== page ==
I can supply some information on fabrication, at least!
Our typical vendor (like most of the USA based EuroRack world) has been Metalphoto of Cincinnati. This vendor uses a proprietary process for printing under the anodization layer (or something like that) that makes the prints very scratch resistant and permanent. Also they have been a big trouble to work with – long delays that have held up production, QA issues, and very expensive ($15-$25 per panel, and much more if your order size is less than 100 pcs.) Last year they announced prices going up +60% due to the rising costs of aluminum.
All of Visionary series, all of Expedition series except the very first print run of Visual Cortex, use Metalphoto frontpanels. With the first run of Cortex, it is a metalphoto BLACK print, but the RGB colors were silkscreened by a local company here in Portland. This run of panels is the one that has poor adhesion issues and does not hold up well in the long term.
With Vidiot, we were growing in size and decided to handle our silkscreening in house. The first 100 units with enamel inks looked okay, but this really improved once switching to epoxy inks (Nazdar ADE series.) Epoxy inks like these are used for industrial and appliance printing, like the markings on your fridge or a car.
But that was more work than we wanted to keep doing here, so we had HLH Prototypes in Shenzhen start handling the printing – they had been doing our sheet metal work for the Vessel and Vidiot enclosures, and they did a great job of printing the rest of the Vidiot and Vessel units we made. They also moved on to handling all the sheet metal and screen printing for the Orion frontpanels. These prints, while not as resilient as the Epoxy inks were using in house, look great. And none of these have the same adhesion issues as the initial run of Cortex faceplates.
One of the big challenges for us, with panels and silkscreening, is color. There are many cases where we want RGB colors as part of the print, for legending reasons. With silkscreen that can get very expensive, and be challenging (4 prints have to be perfect before 1 part is done.)
Moving into Chromagnon/Gen3, we completely re-optimized our supply chain and BOM for all of our products – everything from a grounds up redesign of the circuitry using discrete components to new processes for fabricating parts. We made the switch to FR4 frontpanels – these are silkscreened white on matte black, but we use an in house UV printer to print a translucent overlay over some of the white areas when we want alternate colors. This works great – we get the sharpness and texture of a highly resilient silkscreen, and get to “colorize” that however we like with a UV cured overprint. Being a process designed for PCB fabrication, the FR4 panels are also extremely accurate when it comes to printing tolerances/alignment, and any milled slots are spot on.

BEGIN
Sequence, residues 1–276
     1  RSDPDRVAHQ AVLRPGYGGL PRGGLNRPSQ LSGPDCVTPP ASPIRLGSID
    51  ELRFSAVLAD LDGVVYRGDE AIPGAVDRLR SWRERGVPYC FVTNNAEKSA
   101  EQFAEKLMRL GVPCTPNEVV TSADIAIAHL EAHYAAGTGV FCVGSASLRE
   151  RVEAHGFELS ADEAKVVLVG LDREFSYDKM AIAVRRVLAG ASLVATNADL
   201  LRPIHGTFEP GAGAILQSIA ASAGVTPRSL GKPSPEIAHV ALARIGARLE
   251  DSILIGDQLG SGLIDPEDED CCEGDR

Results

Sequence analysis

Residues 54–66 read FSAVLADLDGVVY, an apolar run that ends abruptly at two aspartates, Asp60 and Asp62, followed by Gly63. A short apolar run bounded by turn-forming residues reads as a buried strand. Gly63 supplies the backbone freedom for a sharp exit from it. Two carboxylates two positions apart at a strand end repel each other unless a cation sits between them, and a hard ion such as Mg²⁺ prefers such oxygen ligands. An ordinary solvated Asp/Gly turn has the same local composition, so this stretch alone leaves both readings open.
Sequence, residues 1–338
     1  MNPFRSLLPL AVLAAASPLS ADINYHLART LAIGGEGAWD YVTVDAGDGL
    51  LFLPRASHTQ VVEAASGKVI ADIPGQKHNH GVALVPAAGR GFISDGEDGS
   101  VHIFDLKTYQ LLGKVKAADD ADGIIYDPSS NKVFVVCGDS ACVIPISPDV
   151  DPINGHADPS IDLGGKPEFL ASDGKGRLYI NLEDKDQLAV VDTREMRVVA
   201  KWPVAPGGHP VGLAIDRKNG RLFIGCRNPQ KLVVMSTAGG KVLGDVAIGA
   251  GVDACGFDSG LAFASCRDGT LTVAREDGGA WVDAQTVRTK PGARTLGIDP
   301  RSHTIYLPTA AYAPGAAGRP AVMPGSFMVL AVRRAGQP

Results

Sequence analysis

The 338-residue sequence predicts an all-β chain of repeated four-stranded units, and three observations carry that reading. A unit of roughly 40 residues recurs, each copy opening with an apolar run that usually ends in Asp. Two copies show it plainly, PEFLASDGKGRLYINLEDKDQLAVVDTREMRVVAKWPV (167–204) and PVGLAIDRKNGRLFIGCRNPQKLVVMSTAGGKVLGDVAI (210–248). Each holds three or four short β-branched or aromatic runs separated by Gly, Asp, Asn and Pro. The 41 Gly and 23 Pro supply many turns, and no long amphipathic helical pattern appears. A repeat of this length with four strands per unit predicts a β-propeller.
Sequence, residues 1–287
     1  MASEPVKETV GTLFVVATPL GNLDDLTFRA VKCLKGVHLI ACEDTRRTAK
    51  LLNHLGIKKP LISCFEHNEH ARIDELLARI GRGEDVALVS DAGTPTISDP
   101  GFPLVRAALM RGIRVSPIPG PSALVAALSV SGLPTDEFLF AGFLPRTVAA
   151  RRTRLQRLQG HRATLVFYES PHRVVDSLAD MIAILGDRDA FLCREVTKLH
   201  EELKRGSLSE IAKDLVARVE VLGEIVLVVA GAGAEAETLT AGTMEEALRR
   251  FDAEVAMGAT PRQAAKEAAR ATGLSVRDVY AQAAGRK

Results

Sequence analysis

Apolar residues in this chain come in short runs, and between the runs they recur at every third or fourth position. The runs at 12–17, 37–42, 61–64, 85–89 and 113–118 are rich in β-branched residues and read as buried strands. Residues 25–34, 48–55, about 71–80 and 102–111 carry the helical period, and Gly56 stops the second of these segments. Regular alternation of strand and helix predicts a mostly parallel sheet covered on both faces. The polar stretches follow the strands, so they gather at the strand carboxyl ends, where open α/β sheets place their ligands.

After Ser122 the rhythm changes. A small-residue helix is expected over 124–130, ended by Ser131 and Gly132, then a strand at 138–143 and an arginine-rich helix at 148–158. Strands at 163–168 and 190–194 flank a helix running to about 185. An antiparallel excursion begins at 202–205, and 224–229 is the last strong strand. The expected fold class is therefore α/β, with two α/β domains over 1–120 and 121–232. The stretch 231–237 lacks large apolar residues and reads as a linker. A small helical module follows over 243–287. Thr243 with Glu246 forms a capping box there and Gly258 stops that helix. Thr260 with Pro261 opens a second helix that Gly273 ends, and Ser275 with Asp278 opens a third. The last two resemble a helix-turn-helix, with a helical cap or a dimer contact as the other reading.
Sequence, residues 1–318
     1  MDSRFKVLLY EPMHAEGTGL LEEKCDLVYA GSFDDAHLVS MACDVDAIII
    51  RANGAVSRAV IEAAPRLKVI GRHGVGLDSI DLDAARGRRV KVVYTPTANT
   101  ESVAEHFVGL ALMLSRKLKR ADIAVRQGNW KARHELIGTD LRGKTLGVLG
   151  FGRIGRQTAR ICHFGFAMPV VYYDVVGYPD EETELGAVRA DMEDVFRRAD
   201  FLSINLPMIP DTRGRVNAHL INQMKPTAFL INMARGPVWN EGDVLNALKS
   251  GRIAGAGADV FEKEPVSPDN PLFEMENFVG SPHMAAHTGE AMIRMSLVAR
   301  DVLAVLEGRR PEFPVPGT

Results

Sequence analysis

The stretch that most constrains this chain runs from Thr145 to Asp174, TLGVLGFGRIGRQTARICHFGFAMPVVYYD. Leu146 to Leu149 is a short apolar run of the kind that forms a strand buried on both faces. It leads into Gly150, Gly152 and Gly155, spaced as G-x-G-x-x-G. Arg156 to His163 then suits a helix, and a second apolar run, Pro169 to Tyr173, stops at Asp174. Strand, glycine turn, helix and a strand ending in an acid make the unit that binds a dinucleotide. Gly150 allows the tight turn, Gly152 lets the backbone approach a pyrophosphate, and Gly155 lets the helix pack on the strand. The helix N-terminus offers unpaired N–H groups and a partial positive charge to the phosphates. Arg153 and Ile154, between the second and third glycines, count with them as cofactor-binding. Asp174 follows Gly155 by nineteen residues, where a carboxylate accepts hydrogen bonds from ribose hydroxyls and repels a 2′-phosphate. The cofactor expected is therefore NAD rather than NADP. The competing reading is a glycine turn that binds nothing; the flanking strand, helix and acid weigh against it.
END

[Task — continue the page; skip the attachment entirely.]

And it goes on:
Furthermore, with the FR4 panels they are so much less expensive than any of our previous solutions (our out of pocket cost is $2-$3 dollars per panel, rather than $20-$30 in some cases.) And they always show up in the mail on time, in a week (compared to minimum 6-8+ weeks with all the other options mentioned.)
Now naturally, FR4 doesn’t offer the same kind of aesthetic permanence as anodized aluminum. But it is much more accessible for being able to offer things like replacement parts and also, there’s not a $1500-$2500 hit on our cashflow, multiplied across all our modules, when everything needs panels, and an indeterminable wait that has often held up our production schedule. So one of the big things I like about it is that it’s much easier to offer variants, and it lowers the threshold of “trying out a design” even if it’s not something that has to be allocated a big segment of our resources.
So, FR4 replacement panels, that is a much easier proposition for us. We have most of the Expedition panels converted to ready-to-order design variants, so we could stock some replacements and offer them affordably to you.
I would also like to offer some “deluxe” front panels for Gen3 and beyond. For that we can go straight to the optimal solution, which is CNC engraved anodized panels with color infill. But that’s going to cost $40-$80/panel easily, so I can’t build that in as the default option for everything we make. If that is something some people want and can justify affording, those could be offered as a bespoke option direct from us at some point in the future.
I know DIY art and so on is important to folks too… customizing can be part of building any kind of system, after all! I guess in that sense, I feel like part of DIY is learning. Learning to use calipers, learning to make dimensional drawings, learning to use scanners, learning to use Adobe Illustrator, how to format print files, etc. To give away the source files would rob you of the opportunity to learn these skills, and put your own energy into your project. So I’ll gladly help you learn, but I’m reluctant to give the source away. Because your DIY knowledge is what’s in it for me.
Customization or alternate art projects are not quite the same as needing a replacement part for a piece of gear you bought, though, of course. And I suppose that’s the question of the moment.